The Early History of the Vacuum

The Early History of the Vacuum

Believe it or not the science of vacuums has been around since ancient Greece. Or, rather, it was the ancient Greek philosopher Democritus (c. 460 to 35 BC) who first proposed that our world is comprised of tiny particles called atomos (Greek: undividable).  Of course, we know these, today, as atoms.  

Early History

Democritus suggested that the empty space exists between atoms; and this empty space obeys the general laws of mechanics.  He called this space a “vacuum” (from the Latin “vacuus” which means “empty”; or “vacare” which means “to be empty). Together with his mentor Leucippus, Democritus may have been the first to contemplate the concept of a vacuum and, in fact, invent such a thing.

What might be even more interesting, perhaps, is that the dominating thinker of the era—Aristotle (c. 384 to 322 BC) denied the very existence of these vacuums. As a matter of fact, he was actually quite conflicted with the idea that the universe could be comprised of enumerable, individual particles.  You may recall that Aristotle theorized that nature consists of the four basic elements (water, earth, air, and fire).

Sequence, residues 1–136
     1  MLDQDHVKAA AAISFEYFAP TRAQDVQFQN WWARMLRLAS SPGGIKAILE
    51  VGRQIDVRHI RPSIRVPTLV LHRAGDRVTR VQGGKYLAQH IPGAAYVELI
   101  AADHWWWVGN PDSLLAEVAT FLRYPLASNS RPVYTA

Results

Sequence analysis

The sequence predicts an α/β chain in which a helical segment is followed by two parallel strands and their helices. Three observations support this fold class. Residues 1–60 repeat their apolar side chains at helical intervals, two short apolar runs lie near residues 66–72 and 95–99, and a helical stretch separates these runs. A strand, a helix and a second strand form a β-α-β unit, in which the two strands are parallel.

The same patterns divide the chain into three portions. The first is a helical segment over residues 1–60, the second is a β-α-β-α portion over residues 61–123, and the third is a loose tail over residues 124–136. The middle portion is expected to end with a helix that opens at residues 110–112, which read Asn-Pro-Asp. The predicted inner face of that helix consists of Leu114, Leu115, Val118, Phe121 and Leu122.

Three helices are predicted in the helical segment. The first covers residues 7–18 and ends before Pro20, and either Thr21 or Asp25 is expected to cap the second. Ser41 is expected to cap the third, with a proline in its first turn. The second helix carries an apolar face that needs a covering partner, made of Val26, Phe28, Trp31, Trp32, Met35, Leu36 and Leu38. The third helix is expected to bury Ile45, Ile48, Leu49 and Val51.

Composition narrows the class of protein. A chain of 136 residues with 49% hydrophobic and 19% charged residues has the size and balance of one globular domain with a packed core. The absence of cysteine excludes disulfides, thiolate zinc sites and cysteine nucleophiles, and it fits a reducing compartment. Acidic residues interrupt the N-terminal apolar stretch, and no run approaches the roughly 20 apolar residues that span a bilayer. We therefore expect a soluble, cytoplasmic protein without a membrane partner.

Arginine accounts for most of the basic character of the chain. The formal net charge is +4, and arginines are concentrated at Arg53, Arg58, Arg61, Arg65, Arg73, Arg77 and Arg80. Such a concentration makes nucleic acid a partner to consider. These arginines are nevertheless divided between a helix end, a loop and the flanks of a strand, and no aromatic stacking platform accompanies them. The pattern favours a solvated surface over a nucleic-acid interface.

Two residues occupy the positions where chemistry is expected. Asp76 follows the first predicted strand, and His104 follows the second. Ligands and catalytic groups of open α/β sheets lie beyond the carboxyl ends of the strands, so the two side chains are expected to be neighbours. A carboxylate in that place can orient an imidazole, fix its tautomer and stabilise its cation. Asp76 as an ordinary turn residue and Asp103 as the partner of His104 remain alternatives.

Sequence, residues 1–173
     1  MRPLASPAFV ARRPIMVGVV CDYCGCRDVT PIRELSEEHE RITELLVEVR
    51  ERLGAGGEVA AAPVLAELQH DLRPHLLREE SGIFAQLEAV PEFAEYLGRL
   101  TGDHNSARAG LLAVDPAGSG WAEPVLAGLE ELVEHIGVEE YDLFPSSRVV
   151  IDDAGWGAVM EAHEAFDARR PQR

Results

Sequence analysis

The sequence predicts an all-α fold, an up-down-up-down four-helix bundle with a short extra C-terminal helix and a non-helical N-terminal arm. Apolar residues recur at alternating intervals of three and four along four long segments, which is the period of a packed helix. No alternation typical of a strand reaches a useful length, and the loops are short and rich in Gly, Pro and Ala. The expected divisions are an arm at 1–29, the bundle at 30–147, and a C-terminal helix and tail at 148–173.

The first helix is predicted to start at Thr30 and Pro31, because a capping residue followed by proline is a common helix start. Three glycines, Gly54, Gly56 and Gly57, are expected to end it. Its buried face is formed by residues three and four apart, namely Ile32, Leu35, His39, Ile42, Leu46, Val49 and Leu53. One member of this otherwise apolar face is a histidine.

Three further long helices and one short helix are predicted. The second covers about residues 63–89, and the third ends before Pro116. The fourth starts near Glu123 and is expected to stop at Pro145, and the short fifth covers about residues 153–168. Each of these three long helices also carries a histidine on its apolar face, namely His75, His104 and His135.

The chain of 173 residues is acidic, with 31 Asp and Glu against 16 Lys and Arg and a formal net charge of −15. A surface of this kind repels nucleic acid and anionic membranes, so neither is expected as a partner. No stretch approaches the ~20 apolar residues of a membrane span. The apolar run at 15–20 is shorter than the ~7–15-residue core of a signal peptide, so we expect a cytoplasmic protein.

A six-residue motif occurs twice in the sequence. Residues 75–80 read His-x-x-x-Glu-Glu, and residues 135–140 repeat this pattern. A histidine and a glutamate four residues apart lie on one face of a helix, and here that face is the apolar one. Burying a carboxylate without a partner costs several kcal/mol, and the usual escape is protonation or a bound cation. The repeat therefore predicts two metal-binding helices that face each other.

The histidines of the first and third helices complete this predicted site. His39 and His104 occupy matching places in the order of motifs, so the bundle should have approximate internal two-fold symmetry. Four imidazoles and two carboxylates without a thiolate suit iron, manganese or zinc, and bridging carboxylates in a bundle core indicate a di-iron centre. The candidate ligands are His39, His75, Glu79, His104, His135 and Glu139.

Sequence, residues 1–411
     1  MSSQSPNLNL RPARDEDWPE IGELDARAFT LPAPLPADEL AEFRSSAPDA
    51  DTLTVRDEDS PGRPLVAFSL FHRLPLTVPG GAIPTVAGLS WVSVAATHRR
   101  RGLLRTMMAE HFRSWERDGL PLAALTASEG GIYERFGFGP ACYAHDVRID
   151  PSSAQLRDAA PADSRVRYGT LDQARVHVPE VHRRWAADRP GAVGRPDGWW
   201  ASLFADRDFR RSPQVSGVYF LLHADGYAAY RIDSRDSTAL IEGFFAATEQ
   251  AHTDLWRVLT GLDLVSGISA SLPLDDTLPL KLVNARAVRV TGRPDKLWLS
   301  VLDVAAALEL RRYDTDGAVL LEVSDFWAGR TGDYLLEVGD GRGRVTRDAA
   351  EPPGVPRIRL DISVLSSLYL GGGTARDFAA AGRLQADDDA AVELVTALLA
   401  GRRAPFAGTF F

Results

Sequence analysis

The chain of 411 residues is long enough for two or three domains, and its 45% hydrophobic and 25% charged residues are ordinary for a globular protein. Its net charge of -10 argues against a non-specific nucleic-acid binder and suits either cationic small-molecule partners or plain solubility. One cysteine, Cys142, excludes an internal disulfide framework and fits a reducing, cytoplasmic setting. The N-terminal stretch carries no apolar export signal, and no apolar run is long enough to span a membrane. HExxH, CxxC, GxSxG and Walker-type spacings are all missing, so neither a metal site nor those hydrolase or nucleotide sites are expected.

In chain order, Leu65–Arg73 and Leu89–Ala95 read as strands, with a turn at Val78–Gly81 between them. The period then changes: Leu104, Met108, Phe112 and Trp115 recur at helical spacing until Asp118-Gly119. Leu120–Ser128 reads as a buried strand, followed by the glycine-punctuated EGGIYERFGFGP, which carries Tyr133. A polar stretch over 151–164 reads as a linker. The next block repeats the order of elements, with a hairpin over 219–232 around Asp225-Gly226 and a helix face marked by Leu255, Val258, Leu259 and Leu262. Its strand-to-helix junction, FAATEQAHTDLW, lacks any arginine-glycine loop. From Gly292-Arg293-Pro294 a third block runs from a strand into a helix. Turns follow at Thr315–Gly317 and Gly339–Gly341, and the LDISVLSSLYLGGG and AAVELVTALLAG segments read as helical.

Vacuums and the Middle Ages

Aristotle’s contemplations remained at the height of both the philosophical and scientific communities for centuries to follow.  Even through the 14th c the idea of this “empty space” was not well-received:  both Descartes and the whole of the Catholic Church denied their existence.  Actually, if you mentioned the idea of a vacuum or tried to investigate it, you would have been publicly shamed or even executed (as was the case of the scientific investigator Bruno—1548 to 1600 AD—who was burned at the stake).

However, when Galileo Galilei (1564 to 1642) proved his theory that air had both weight and density, scientific theory began to change.  For the first time in recorded history, air was regarded as a substance with a specific weight. This, then, evolved ideas related to air, specifically in the effect of removing air from any given space (thus, a vacuum).

Proving the Existence of A Vacuum

Galilei’s experiment led to more experiments, which explored the concept using other elements.  Over time, these experiments continued to provide validity to the existence of the mysterious vacuum.  These early experiments used specially built equipment to investigate the conundrum; this includes the famous Christiaan Huygens (1629 to 1695) experiment which proved the free fall speed of a feather and a piece of lead are precisely equal in a LeDab vacuum.


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